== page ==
my good friends from ‘fontanel’ launched their very first book last friday (february 6th 2015), it is a beautifully designed publication by drawsords (rob van den nieuwenhuizen) with several alternative cover images to choose from (available online)
the book ‘dutch design talent – fontanel finals’ features a great overview of some of the most recent young talent from dutch art schools plus a few background short stories and interviews from seasoned professionals like joachim baan, femke agema, kali nikitas and… me; here below is my contribution
1986. Just a few months away from graduating from Lincoln Art School, 19 years young, naïve, restless; I was ready to change the world. It was a turbulent and chaotic time: ‘that’ woman
Thatcher, crisis, Falklands war, Gorbachev and the crumbling Berlin wall. It was also an era of ‘tribal colours’ among the youth; shoulder to shoulder, all highly distinct but certainly not fraternal, no way.
Not choosing wasn’t an option; New Wave, Indie/Manchester/Baggy, New Romantic, Northern Soul, Rockabilly, Mod, Skinhead, Goth, Headbanger, Football Wally, Hippy (if you dare) or even the last dying breath of the ‘Punks not Dead’ movement. I would have looked ridiculous with a Mohican and The Cramps, Siouxsie Sioux, Motörhead or even Wham! just weren’t my thing. New Order: they were my heroes, so New Wave/Indie it was… and your identity meant everything.
The corridor with dark brown lockers, where this picture was taken is still clear in my memory, but I forget who made the shot. You see I had just decided, together with Steve the idiot in the dark sweater next to me, to enrol again at a new Art School. No doubt, the reason we made such a triumphant leap in the air.
We would both move, several months later to Ipswich in South England. A brand new design course entitled ‘Visual Communication’ (Graphic design, Typography, Photography, Film, Art Direction, Animation & Video) awaited us… and not forgetting: fooling around, girls, music and late nights.
And so it went… I will spare you the details but it was a fabulous and important time in my life. In the ensuing years many of us kept in touch. How was everyone doing? Who had the biggest paycheck? Who had landed the most prized job? but most of all: Who had completely and utterly failed? We usually met in London where the most adventurous ‘Class of ’88’ members had gone in search of fame & glory. Hazy & hard to recall weekends, drinking beer (a regular feature), dark Comedy clubs or the occasional New Order concert. However in truth, that time was mostly spent on a couch, smoking hash, gossip, nonsense and stoned-talk about nothing. Being reunited mostly brought out the ‘slacker’ in all of us.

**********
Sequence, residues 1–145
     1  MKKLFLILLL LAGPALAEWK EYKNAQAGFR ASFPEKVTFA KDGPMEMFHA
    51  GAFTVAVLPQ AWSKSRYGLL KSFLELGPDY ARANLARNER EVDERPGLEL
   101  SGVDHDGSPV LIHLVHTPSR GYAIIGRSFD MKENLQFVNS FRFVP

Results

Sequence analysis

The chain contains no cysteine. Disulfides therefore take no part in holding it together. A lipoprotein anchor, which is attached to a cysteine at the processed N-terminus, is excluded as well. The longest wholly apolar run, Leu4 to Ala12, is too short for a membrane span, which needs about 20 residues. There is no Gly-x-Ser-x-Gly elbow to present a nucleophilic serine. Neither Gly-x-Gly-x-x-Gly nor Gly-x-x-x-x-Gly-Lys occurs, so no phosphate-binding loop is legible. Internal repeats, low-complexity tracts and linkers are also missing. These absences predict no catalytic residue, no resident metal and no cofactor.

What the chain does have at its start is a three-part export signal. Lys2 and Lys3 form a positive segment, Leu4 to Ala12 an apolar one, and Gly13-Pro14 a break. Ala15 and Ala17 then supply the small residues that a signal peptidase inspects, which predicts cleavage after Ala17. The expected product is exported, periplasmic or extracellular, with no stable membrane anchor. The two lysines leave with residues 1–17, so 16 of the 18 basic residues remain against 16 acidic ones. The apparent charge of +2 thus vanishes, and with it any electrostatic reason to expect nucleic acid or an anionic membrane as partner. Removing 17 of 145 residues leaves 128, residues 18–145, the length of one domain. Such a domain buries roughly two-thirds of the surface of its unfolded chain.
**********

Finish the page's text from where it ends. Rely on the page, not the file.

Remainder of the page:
A couple of classmates had got a job in the BBC ‘graphics & animation’ department. I wonder, are they still there?. One of our group ‘Grant’ made a lightning start as a film director and barely two months after graduation had produced his first video clip which was airing (literally) all over the world: ‘I’ve got the power’ by ‘Snap’, yeah that one… A worldwide monster hit and a pretty terrible video clip, to be honest. (see YouTube, sorry Grant!) Nonetheless, we were all deeply impressed; this was also a possible career scenario for a twentysomething.
Yet another classmate ‘Manjit’ worked in the animation team for ‘Who Framed Roger Rabbit?’ one of the very first Live Action/Animation films that Hollywood produced (CGI was still a dream). He later moved to California and opened his own state of the art animation studio in the 90’s. He still lives there and is, by all accounts, a wealthy man. (Right time, right place; good for you mate!)
Nobody became truly world-famous but why would you want to?. At a guess, I would say that less than 20% of us are still active in the field of study we all chose, so confidently all those years ago. All the same, I still feel that we were a highly motivated and successful graduation year, honestly. Fast forward almost 30 years and I have lost touch with the majority of them, that’s just the way it goes. They were, at times a bunch of annoying and stupid wankers but I wish them all the very best.
And Steve? Well, he is still my best mate and we continue to share each others success and pain. I emigrated to Holland, exchanged one job for the next ,15 years passed by and I grew up. I got married, had kids and have now been running my own studio happily for 9 years… Tempus fugit. Steve became an art-director, joined the fast paced and cut-throat London advertising scene. He was a rising star, worked at legendary agency BBH, won many awards for his work (Levis amongst others) and was very much in demand for his talent. We have always maintained a fairly healthy form of jealousy with regards to each others careers and achievements. If one of us, does well the other is always courteous and admiring; whilst secretly plotting the next step to get ‘ahead’ again. Trust me… it works.
He has been a film director now for many years and recently moved to Australia. We chatted on Skype last week, catching up about important stuff and gossiping. Even on the other side of the planet, this is one friend whom I will not lose sight of, ever.
We have finally learned to stop wearing the same identical shoes as each other, but for the rest?… For the rest, oddly enough, very little has really changed; since we screamed and took a big leap together; out into the dark, unknown world.
I’d do it all again… how about you Steve?
Martin Pyper – me studio
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pingback by me studio » 1986 — 12-02-2015